Last Updated on November 16, 2012 by Steven Meurrens
Demonstrating once again why it is important for representatives to contain “change of law” clauses in their retainer agreements, the British Columbia Provincial Nominee Program (“BC PNP“) has effective immediately suspended the Fast Track nomination option in the business immigration stream.
The suspension will affect applications in processing. Applicants with applications in processing who as of November 15, 2012, had not signed performance agreements with the Province of British Columbia (the “Province“) will not be eligible for the Fast Track option. Such applicants can either (1) continue under the regular nomination process, or (2) withdraw their application and receive a refund of their application fee.
Through the Fast Track option, BC PNP business applicants who obtained PNP supported work permits and who had arrived in British Columbia to set up their respective businesses could request immediate nomination for permanent residence if they posted a $125,000 performance bond with the Province. The bond was returned without interest to Fast Track nominees when they fulfilled their respective PNP performance agreements, but was forfeited by nominees if they failed to meet their performance obligations.
According to the Province, since 2007, only 26 Fast Track nominees successfully completed their performance agreements, compared with 261 business applicants nominated through the regular nomination process who fulfilled their performance agreements.
As any British Columbia immigration lawyer can confirm, since the Government of Canada suspended the Federal Immigrant Investor Program, the amount of inquiries about the BC PNP business applicants Fast Track Option have sky rocketed. Many of those inquiries came from individuals who clearly had no intention to actively manage a business in British Columbia.
Indeed, because of this, those law firms (such as ours) which enjoyed meeting with and representing entrepreneurs who were passionate about their business idea in British Columbia will likely welcome the changes that the BC PNP makes to preserve the integrity of the business program.Read more ›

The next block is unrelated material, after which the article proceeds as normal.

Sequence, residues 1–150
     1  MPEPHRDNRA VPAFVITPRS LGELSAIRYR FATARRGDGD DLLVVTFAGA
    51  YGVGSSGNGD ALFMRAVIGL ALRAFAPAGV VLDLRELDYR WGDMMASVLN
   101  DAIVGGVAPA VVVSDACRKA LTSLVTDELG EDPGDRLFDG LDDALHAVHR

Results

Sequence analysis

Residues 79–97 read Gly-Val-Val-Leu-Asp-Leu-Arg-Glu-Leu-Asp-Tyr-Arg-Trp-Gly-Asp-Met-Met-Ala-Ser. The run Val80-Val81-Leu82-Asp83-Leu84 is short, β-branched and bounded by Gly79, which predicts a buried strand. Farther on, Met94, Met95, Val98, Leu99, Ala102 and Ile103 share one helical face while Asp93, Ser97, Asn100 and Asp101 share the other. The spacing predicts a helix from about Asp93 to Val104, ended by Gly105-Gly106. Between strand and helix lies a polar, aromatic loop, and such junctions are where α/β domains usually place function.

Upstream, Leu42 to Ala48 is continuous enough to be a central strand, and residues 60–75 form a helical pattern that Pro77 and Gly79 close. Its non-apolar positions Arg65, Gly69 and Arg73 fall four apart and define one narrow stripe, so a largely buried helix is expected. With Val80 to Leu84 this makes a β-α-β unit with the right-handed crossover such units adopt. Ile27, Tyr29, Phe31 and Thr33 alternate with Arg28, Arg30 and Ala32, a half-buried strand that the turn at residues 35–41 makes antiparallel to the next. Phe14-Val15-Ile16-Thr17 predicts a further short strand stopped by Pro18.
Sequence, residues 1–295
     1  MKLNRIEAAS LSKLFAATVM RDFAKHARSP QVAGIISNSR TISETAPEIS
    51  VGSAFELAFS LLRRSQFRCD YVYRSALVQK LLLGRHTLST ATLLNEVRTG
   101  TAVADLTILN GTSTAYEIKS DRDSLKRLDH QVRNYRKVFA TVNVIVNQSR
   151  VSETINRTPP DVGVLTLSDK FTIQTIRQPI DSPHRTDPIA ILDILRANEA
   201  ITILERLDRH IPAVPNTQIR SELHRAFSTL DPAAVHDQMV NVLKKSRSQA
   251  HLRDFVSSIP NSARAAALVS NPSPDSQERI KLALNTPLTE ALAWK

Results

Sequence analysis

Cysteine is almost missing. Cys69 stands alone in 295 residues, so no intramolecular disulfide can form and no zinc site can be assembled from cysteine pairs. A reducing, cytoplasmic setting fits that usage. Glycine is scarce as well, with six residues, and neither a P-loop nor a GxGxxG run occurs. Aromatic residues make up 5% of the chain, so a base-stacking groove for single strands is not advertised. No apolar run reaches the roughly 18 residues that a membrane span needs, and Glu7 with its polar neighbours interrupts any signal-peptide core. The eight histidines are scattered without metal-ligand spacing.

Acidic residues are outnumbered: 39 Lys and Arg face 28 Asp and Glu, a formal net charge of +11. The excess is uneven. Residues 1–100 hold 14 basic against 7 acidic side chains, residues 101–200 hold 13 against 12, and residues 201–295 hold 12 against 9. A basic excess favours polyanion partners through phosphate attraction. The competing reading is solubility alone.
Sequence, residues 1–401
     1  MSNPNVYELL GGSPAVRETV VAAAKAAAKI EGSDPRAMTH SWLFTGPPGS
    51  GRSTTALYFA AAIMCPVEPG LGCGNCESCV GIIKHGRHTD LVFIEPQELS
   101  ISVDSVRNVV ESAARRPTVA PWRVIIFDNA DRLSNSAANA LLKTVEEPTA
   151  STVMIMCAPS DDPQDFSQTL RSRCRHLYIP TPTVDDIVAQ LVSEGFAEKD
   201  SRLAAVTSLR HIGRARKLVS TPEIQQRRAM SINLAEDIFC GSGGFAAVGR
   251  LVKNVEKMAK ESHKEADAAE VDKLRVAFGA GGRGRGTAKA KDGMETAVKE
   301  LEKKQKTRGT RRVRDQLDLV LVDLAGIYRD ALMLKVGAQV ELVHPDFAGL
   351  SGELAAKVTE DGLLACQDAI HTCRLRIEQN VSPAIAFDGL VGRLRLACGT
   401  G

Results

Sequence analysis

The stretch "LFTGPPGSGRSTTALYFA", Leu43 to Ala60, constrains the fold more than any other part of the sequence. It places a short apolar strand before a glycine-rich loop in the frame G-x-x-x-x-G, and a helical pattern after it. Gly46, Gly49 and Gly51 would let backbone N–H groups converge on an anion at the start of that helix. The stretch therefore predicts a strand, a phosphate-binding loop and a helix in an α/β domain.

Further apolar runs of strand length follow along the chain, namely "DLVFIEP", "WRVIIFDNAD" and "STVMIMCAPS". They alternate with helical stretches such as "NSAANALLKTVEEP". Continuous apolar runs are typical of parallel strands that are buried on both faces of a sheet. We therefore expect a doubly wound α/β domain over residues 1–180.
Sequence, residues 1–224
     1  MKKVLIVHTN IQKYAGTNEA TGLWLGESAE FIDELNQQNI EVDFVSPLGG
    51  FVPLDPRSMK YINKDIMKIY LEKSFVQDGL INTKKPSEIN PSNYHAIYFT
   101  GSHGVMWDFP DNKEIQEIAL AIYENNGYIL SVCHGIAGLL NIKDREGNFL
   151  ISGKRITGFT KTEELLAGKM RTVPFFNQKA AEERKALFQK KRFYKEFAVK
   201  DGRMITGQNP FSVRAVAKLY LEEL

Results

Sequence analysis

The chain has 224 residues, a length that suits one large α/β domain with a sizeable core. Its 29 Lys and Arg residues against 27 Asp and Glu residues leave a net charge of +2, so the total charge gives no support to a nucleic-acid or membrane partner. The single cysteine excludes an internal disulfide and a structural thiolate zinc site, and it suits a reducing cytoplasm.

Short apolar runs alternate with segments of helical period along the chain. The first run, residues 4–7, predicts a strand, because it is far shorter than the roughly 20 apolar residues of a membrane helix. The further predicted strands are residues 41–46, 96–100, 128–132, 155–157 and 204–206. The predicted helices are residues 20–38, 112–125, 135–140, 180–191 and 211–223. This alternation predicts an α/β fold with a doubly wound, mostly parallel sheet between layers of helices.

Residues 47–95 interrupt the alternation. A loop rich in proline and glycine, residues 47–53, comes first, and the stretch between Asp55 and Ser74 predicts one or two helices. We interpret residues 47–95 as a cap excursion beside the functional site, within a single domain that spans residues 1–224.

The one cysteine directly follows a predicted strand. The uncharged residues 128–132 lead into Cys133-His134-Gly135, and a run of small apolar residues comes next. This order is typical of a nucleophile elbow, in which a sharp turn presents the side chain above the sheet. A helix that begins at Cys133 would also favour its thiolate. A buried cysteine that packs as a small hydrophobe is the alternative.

Last Updated on November 8, 2012 by Steven Meurrens
On the same day that Washington State and Colorado voted to legalize the possession of marijuana, Jason Kenney, Canada’s Minister of Citizenship and Immigration Canada, tweeted the following:
To answer your question, it depends on what you mean by foreigners.
Most people probably think that when you say foreigners you mean people residing in Canada as visitors, students, and workers. If that is the case then yes… I believe that it is reasonable for the Canadian government to seek to remove such people from Canada if they are convicted of drug trafficking here.
However, the Conservative government’s Bill C-43, the Faster Removal of Foreign Criminals Act, currently before Parliament, goes beyond foreign nationals. It provides that permanent residents who are sentenced to six months or more imprisonment (including conditional sentences) must be removed from Canada, regardless of how long they have been immigrants, whether they have family in Canada, or their specific circumstances.
I recently acted for an individual who immigrated to Canada over twenty years ago, but never became a Canadian citizen. His family, including a wife and children, are all Canadian citizens. The Minister of Public Safety and Emergency Preparedness sought to deport him because he was convicted of one incident of trafficking cocaine, and was sentenced to a 15-month conditional sentence. Under our current immigration system, he could appear before the Immigration Appeal Division. The IAD could consider his circumstances (including length of time and family in Canada) and stay his deportation subject to him complying with certain conditions (including not be involved in further criminal activity). If Bill C-43 had been in force at the time that the Canadian government sought to deport him,Read more ›
Last Updated on November 1, 2012 by Steven Meurrens
As the US election approaches we’re seeing a slight uptake in the number of calls we’re getting from American citizens wanting to immigrate to Canada if [x] wins.
Whether it is Republicans saying that they want to move to a country where the government won’t control their health care and their guns, or Democrats saying that they want to move to a country where conservatives have no chance of winning elections, the message to us is clear…
People aren’t doing their research.
The Washington Post actually has an article up today on this very issue, which includes this funny video from Slate.Read more ›